The debate continues about the extent of racism in the United States today. George Zimmerman again makes headlines this week, a previous unknown until he killed 17-year-old Trayvon Martin in a highly charged "stand your ground" case. "Post-racial" is rapidly going the way of "color blind" -- terms that neither accurately describe nor account for present-day reality. Disparities in opportunity and resultant life outcomes continue to show black and Latino people in this country lagging behind white people in virtually every indicator of well-being, including education, jobs, health and wealth.
These persistent disparities can easily leave one in despair. For white people, they can lead to the response that this is not our problem. And yet, we white people have a critical role to play in ensuring equal opportunity for all in this country. And we have an inspiring model to look to for that role, a small yet mighty grassroots organization in Boston that celebrates its 45th anniversary this week.
"What white Americans have never fully understood, but what [African Americans] can never forget, is that white society is deeply implicated in the ghetto. White institutions created it, white institutions maintain it, and white society condones it."
These words were written 45 years ago, as part of the Kerner Commission report. Officially called the National Advisory Commission on Civil Disorders, this Commission was set up by President Johnson to study the causes of the racial uprisings that shook the country through the summer of 1967, in cities across the U.S. from Newark to Detroit, Atlanta to Los Angeles.
These words were also the call that led to the founding of Community Change, Inc., a Boston nonprofit organization established to address "the white problem." This Friday, Community Change celebrates its 45th anniversary, and its founder, Horace Seldon, celebrates his 90th birthday.
It's rare that a scrappy grassroots group lasts for 45 years. Yet Community Change's mission and message are cause for celebration and inspiration for all who care about justice and opportunity in this country. Community Change focuses its efforts on educating and catalyzing white people to work for racial justice. Its focus is on the institutional and systemic aspects of racism. It has a devoted following of hundreds of individuals who have sustained it over its long history. It has a robust physical and online library of hard-to-find books, films, reports and other resources on racial justice. The organization has educated thousands about the root causes of racial inequities; it has supported organizing led by people of color that has led to changes in criminal records laws in Massachusetts and the establishment of a cabinet-level state office for Access and Opportunity; and it has trained and inspired hundreds of high school and college students to carry the mantle of racial justice organizing, to name just a few highlights.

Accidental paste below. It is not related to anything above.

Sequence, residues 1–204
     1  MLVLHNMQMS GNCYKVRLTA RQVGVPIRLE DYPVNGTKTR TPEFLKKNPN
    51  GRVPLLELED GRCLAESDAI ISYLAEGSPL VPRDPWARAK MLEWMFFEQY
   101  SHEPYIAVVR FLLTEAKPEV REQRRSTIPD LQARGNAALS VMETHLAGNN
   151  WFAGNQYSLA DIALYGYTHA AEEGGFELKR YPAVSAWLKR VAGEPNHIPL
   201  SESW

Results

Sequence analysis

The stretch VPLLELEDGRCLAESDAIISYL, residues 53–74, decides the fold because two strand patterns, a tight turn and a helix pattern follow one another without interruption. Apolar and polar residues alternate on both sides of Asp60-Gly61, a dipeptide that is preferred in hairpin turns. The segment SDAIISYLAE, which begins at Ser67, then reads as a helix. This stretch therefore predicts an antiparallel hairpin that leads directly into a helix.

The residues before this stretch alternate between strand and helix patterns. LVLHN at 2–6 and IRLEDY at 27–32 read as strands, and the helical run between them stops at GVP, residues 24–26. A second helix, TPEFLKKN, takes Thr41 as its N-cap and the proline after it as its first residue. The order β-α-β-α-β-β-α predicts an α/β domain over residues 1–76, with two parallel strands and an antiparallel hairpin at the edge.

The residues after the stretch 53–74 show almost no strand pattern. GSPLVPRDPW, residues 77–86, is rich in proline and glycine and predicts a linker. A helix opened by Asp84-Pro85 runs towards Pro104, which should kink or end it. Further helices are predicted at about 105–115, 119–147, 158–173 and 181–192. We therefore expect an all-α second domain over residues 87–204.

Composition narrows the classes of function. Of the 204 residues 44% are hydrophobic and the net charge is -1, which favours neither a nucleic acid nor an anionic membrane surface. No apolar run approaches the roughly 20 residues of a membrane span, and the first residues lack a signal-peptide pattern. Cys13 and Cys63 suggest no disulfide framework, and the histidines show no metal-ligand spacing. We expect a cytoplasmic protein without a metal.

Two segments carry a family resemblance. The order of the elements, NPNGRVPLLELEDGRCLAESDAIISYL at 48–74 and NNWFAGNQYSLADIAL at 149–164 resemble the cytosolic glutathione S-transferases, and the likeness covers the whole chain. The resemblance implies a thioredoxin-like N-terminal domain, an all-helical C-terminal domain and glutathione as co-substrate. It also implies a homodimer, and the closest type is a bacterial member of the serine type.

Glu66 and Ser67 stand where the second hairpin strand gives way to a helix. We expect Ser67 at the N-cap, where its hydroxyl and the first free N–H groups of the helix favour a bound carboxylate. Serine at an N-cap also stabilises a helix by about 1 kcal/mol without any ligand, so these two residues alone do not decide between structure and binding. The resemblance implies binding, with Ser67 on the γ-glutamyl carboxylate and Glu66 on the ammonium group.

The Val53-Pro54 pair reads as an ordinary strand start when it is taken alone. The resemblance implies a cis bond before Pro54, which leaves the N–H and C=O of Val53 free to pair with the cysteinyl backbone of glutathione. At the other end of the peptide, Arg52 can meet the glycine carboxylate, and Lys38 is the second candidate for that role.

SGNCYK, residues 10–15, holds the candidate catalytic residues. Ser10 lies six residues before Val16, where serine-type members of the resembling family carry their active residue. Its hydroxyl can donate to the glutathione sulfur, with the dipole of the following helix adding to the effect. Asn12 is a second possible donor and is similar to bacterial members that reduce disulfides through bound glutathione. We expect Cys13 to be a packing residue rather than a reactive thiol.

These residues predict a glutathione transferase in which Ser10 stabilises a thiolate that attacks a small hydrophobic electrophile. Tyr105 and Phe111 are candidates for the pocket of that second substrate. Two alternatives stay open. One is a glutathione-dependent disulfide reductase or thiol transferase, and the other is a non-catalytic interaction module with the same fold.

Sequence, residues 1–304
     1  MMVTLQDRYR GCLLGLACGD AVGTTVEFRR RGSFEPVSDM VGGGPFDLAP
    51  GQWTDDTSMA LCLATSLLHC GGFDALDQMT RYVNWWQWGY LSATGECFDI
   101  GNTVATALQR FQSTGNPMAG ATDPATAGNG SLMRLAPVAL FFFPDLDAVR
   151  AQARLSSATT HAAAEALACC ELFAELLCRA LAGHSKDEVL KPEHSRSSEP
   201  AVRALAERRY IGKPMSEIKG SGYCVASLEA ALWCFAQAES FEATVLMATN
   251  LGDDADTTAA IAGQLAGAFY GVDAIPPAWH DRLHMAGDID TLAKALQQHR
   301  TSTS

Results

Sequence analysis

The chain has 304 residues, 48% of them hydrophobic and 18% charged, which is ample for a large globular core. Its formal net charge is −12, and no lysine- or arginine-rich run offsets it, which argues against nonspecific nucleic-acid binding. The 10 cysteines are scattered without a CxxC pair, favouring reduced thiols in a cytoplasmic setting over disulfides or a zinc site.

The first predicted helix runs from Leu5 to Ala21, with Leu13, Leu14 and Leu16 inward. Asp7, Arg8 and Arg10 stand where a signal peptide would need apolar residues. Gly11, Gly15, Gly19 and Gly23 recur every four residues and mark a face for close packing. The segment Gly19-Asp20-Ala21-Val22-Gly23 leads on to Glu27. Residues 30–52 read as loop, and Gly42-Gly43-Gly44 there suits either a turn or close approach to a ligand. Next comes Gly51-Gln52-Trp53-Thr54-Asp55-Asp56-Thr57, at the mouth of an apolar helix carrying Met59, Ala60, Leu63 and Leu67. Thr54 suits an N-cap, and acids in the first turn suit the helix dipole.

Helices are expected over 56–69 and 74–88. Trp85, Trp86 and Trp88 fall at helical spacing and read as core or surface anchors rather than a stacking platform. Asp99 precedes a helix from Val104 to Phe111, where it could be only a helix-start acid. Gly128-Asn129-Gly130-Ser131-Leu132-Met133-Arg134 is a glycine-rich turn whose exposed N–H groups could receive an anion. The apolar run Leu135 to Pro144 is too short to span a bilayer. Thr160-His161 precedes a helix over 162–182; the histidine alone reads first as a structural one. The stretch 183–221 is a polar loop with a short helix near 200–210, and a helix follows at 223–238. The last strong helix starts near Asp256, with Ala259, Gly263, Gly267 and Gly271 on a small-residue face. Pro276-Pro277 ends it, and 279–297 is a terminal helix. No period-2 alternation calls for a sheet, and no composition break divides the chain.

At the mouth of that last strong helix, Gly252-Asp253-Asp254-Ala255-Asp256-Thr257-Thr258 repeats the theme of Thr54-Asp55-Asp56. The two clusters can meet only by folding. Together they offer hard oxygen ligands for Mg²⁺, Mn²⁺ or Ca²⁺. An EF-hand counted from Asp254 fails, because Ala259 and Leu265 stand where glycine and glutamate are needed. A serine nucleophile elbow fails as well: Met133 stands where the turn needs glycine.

While Community Change has not eliminated structural racism in Boston or Massachusetts, its work has made a difference. The lesson for others in its longevity are straightforward: a compelling mission, unwavering focus on that mission, a broad base of support, committed leadership, and persistence. Most importantly, by focusing on racism as a system that has developed and evolved since the founding of this country, the organization understands that this is long-term work. Its staff and board, allies and supporters, are in it for the long haul.
What makes Community Change, Inc. unique is its founding premise, that white people have a critical role to play in racial justice work. At Community Change, white leaders support the leadership of people of color, and work with other white people to make the shift from condoning to doing something about racism. Anybody who is finding themselves tired of the enduring nature of racism in this country can find rejuvenation by paying this organization a visit.
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